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Factor analysis of spontaneous speech in aphasia (Gordon, 2020)

journal contribution
posted on 2020-11-16, 22:25 authored by Jean K. Gordon
Purpose: Spontaneous speech tasks are critically important for characterizing spoken language production deficits in aphasia and for assessing the impact of therapy. The utility of such tasks arises from the complex interaction of linguistic demands (word retrieval, sentence formulation, articulation). However, this complexity also makes spontaneous speech hugely variable and difficult to assess. The current study aimed to simplify the problem by identifying latent factors underlying performance in spontaneous speech in aphasia. The ecological validity of the factors was examined by examining how well the factor structures corresponded to traditionally defined aphasia subtypes.
Method: A factor analysis was conducted on 17 microlinguistic measures of narratives from 274 individuals with aphasia in AphasiaBank. The resulting factor scores were compared across aphasia subtypes. Supervised (linear discriminant analysis) and unsupervised (latent profile analysis) classification techniques were then conducted on the factor scores and the solutions compared to traditional aphasia subtypes.
Results: Six factors were identified. Two reflected aspects of fluency, one at the phrase level (Phrase Building) and one at the narrative level (Narrative Productivity). Two other factors reflected the accuracy of productions, one at the word level (Semantic Anomaly) and one at the utterance level (Grammatical Error). The other two factors reflected the complexity of sentence structures (Grammatical Complexity) and the use of repair behaviors (Repair), respectively. Linear discriminant analyses showed that only about two thirds of speakers were classified correctly and that misclassifications were similar to disagreements between clinical diagnoses. The most accurately diagnosed syndromes were the largest groups—Broca’s and anomic aphasia. The latent profile analysis also generated profiles similar to Broca’s and anomic aphasia but separated some subtypes according to severity.
Conclusions: The factor solution and the classification analyses reflected broad patterns of spontaneous speech performance in a large and representative sample of individuals with aphasia. However, such data-driven approaches present a simplified picture of aphasia patterns, much as traditional syndrome categories do. To ensure ecological validity, a hybrid approach is recommended, balancing population-level analyses with examination of performance at the level of theoretically specified subgroups or individuals.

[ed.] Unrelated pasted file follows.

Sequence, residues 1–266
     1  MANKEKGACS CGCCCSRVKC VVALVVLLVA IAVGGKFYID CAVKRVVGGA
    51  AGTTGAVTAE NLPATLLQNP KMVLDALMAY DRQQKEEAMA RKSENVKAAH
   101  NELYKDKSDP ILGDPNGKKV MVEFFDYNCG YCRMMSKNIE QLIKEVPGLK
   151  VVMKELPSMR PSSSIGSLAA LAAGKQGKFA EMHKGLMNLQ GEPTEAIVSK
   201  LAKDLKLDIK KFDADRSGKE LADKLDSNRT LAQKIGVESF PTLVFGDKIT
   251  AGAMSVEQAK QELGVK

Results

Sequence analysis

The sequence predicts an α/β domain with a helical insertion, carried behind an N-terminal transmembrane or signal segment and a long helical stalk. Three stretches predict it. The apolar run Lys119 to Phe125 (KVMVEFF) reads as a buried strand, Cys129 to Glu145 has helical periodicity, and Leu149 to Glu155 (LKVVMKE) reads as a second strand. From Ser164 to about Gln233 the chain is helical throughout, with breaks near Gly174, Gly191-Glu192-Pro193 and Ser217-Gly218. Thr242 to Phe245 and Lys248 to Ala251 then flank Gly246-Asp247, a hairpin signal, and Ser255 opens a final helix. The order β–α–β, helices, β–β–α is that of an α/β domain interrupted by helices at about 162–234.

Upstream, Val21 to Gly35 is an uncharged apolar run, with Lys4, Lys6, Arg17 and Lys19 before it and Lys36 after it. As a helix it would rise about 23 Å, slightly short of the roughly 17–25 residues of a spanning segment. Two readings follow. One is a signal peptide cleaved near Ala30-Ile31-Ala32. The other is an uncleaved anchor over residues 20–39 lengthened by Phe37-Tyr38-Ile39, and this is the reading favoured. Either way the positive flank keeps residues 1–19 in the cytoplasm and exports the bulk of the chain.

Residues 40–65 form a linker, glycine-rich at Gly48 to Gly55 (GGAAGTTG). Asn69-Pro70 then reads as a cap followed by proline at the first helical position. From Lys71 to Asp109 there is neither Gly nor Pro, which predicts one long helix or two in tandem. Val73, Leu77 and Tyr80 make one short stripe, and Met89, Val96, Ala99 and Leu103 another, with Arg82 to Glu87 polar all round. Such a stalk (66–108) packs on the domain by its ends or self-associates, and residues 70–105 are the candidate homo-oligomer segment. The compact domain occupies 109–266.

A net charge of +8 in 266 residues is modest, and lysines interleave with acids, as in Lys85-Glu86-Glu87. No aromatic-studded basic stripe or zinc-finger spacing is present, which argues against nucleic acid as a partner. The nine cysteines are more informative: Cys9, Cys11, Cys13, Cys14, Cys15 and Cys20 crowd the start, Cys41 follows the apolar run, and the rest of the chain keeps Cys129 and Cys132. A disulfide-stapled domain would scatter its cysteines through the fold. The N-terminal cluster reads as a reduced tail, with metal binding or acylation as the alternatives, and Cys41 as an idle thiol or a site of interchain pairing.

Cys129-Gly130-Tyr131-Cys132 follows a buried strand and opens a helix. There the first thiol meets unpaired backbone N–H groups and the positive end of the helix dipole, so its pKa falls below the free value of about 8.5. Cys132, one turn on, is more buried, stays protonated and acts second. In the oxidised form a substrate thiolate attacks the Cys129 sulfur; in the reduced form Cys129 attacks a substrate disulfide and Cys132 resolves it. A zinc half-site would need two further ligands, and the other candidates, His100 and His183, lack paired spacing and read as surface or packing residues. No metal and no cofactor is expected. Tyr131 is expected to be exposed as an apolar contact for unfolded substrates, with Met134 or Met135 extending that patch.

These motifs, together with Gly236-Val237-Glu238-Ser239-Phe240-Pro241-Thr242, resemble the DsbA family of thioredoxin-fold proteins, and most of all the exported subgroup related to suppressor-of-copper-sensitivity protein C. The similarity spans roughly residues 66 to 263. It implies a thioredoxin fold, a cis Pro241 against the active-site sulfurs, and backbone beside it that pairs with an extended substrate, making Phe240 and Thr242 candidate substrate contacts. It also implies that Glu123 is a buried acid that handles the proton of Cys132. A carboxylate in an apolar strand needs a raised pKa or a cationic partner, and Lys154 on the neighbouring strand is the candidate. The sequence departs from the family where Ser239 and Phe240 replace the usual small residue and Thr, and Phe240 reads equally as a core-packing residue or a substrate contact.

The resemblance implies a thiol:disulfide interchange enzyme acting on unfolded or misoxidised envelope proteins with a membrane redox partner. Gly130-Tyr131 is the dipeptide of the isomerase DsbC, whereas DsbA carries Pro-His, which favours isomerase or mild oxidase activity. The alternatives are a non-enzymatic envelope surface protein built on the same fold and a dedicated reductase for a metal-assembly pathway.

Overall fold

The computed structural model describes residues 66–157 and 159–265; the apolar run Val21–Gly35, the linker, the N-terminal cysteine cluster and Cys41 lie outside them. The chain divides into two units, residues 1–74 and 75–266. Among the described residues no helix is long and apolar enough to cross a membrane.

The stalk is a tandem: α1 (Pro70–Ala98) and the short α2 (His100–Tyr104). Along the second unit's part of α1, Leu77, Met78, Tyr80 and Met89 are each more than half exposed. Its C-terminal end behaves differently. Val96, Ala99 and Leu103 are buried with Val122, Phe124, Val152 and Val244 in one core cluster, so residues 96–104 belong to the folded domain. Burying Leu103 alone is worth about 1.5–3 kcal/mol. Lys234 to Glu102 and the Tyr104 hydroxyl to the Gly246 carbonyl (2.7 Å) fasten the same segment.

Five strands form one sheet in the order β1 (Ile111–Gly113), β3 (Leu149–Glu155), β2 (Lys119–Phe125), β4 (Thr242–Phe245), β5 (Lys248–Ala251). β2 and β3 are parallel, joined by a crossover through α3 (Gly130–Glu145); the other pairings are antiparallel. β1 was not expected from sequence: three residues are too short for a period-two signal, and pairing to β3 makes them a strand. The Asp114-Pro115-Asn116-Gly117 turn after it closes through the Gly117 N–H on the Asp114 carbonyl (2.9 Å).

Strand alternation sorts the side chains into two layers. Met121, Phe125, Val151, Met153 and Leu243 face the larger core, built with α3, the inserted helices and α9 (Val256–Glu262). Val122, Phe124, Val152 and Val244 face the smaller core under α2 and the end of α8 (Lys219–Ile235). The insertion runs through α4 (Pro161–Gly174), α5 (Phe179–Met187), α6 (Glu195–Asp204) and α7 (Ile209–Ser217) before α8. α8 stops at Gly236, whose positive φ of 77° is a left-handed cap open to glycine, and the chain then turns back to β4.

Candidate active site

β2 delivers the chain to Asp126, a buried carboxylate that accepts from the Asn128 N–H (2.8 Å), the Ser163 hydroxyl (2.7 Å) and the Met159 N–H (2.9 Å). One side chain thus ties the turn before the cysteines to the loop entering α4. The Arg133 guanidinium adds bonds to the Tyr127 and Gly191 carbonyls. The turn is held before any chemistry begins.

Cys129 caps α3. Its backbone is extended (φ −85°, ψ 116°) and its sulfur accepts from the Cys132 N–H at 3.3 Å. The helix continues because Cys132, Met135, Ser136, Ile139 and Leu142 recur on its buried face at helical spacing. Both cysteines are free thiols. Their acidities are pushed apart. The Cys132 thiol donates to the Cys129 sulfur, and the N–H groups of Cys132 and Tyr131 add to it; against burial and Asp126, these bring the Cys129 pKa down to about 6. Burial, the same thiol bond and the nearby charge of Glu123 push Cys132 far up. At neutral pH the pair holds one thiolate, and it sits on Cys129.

Supplemental Table S1. Spontaneous speech variables for each aphasia subtype.

Supplemental Table S2. Factor pattern matrix loadings. Loadings > .4 are shown in bold.

Supplemental Table S3. Factor structure matrix loadings. Loadings > .4 are shown in bold.

Supplemental Table S4. Post-hoc (Bonferroni) tests of ANOVAs comparing aphasia subtypes on factor scores derived from the structure matrix table. Significant differences (p < .05) are shown in bold.

Supplemental Figure S1. Intercorrelations among spontaneous speech measures. Measures are arranged in order of similarity. Blue shading represents positive correlations; red shading represents negative correlations.

Supplemental Figure S2. Parallel analysis. Blue triangles indicate eigen-values for the factor analysis when 17 factors were included (one for each variable). The red dotted line represents randomly generated data, simulated or resampled from the dataset. Six of the actual eigenvalues fall above this line and were therefore retained.

Supplemental Figure S3. Latent profile pie charts. For each identified latent profile, the numbers of speakers with each aphasia subtype are shown.

Gordon, J. K. (2020). Factor analysis of spontaneous speech in aphasia. Journal of Speech, Language, and Hearing Research. Advanced online publication.


This study was partially supported by a New Century Scholar grant from the American Speech-Language-Hearing Foundation.